The term “adjunct faculty” refers to university professors who are hired on a contract basis, usually to teach one or two courses for a semester or year. Although the term “visiting professor” or “lecturer” is most commonly used in the United States, the terms “visiting professor” or “lecturer” may cover the same job in other countries. In comparison to their more permanent counterparts, adjuncts typically teach fewer courses and have little to no job security. They are usually hired to meet specific university needs, such as temporary increases in enrollments or student interest in specific electives, and their contracts are designed to be flexible and changeable at any time.
Adjunct vs. Tenured Faculty: What’s the Difference?
In the United States, universities typically hire faculty in two “tiers” based on their long-term commitment. Professors on the “tenure track” are academics who are or hope to be permanent members of a department’s teaching staff. They usually have or are working toward contracts that make it extremely difficult to fire or dismiss them. This is frequently regarded as the best type of position to hold because it allows the faculty member to set their own curriculum and conduct independent research.
The second tier includes adjunct and other temporary teaching staff. Faculty in this category are frequently hired on a project basis, for example, to cover a single lecture or teach a single subject. Even if these teachers are excellent and well-liked students, schools rarely provide them with long-term employment. As a result, they are much more constrained university rules and are unable to be as innovative in their teaching as those with stronger job protections. Faculty in this category may not receive all of the benefits that a full professor would, such as health insurance and paid vacation time, in some cases.
The majority of adjuncts have the same basic qualifications as their tenured colleagues. Both typically have doctorate degrees in their fields of expertise and have taught or assisted in teaching at the university level. Adjuncts who want to become full-time professors see their work as a way to gain experience or buy time while they wait for a tenure-track position.
The Position’s Temporary Nature
One of the most common reasons for hiring adjunct faculty is to temporarily supplement existing teaching staff. When enrollment exceeds expectations or when hiring tenure-track professors would be prohibitively expensive, colleges and universities may do so. Universities favor this hiring structure because it allows them to be as flexible as possible. Professors can be fired if their positions are no longer needed or if their classes are no longer in demand.
When it comes to establishing a reputation and credentials, taking a job as an adjunct professor can be risky for an academic. Adjuncts are typically required to plan their schedules and research agendas around the university’s needs, rather than their own personal interests. When it comes to curriculum development and course design, it can be difficult for those in these positions to complete much original writing and research, and they may have to put their creativity on hold.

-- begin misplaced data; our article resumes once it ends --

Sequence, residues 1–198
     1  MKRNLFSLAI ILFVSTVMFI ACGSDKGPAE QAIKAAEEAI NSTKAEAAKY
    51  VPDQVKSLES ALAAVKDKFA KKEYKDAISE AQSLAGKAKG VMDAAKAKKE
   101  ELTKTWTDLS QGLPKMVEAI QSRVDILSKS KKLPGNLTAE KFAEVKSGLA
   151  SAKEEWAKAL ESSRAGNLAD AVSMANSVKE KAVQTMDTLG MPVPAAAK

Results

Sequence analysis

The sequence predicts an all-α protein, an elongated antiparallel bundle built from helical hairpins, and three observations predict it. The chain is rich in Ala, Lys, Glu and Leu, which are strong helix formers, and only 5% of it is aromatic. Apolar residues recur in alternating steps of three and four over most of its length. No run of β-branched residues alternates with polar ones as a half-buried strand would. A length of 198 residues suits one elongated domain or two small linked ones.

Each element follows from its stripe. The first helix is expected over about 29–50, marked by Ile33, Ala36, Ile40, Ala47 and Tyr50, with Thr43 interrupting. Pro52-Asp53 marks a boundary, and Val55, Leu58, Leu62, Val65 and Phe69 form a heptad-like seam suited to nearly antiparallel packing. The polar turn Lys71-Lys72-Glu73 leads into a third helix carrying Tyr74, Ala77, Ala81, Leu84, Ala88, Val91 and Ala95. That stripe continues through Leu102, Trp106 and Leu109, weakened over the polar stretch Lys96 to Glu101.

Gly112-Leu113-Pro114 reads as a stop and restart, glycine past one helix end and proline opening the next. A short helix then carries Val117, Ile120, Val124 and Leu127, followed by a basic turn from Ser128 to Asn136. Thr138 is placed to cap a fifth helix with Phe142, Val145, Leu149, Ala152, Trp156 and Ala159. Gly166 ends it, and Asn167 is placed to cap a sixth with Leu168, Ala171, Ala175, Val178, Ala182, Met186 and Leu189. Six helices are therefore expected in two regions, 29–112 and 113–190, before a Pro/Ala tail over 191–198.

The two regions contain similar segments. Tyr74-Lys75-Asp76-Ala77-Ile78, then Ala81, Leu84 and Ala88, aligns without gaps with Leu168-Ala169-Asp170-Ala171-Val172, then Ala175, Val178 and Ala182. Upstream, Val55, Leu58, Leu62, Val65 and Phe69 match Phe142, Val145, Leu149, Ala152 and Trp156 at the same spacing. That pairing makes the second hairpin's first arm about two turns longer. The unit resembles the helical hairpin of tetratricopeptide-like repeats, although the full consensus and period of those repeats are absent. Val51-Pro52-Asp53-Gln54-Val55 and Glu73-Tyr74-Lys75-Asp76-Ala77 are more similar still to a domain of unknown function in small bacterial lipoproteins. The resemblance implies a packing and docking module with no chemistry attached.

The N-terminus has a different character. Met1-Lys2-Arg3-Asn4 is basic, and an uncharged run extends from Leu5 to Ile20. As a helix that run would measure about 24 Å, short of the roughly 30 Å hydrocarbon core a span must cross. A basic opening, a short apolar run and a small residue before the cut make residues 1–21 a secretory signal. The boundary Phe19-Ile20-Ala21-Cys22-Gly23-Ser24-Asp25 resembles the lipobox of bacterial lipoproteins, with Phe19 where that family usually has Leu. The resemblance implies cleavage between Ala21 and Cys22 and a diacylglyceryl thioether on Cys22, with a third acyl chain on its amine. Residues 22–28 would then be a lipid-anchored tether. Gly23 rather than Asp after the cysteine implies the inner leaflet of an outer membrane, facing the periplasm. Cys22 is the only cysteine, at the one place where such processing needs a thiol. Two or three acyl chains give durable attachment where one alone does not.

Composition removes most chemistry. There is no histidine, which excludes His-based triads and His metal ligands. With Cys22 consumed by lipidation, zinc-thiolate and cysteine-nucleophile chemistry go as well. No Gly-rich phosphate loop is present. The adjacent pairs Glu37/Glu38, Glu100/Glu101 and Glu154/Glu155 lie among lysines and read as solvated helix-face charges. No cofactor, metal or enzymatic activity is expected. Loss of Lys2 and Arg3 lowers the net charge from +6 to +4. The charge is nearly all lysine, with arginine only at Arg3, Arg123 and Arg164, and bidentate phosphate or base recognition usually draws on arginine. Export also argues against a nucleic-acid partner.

Depending on the circumstances, adjuncts may find it more difficult to interact with students. Temporary faculty members in many schools do not have offices or share office space with other people. This can make it difficult to schedule meetings or provide mentorship outside of the classroom, lowering the adjunct’s overall teaching quality and decreasing the value he or she brings to the school.
Flexibility and Potential Benefits
However, not everything about being an adjunct is negative. Academics approaching retirement or visiting from other universities often appreciate the position’s looser, more flexible nature. People who do not require permanent housing often find the situation to be ideal. It is usually the most difficult for junior faculty who are just getting started.
Some adjuncts, such as subject matter experts and industry professionals, are not academics at all. For example, a well-known community lawyer might teach a single course on criminal procedure at a local law school, or a corporate executive might teach a semester’s worth of business courses in a university’s evening program. In these situations, adjuncting is often the best option because students can benefit from the expert’s knowledge without having to give up their regular jobs.
Some universities have been chastised for using adjunct faculty excessively for financial reasons unrelated to expert flexibility or student benefit. Temporary faculty are almost always less expensive than tenure-track faculty, but skeptics fear that this trend will degrade academia over time. Many argue that the university system was created to promote independent research and intellectual freedom as much as, if not more than, providing on-demand classes. They argue that moving to a system where professors have no security could stifle overall teaching effectiveness and make students’ learning experience worse.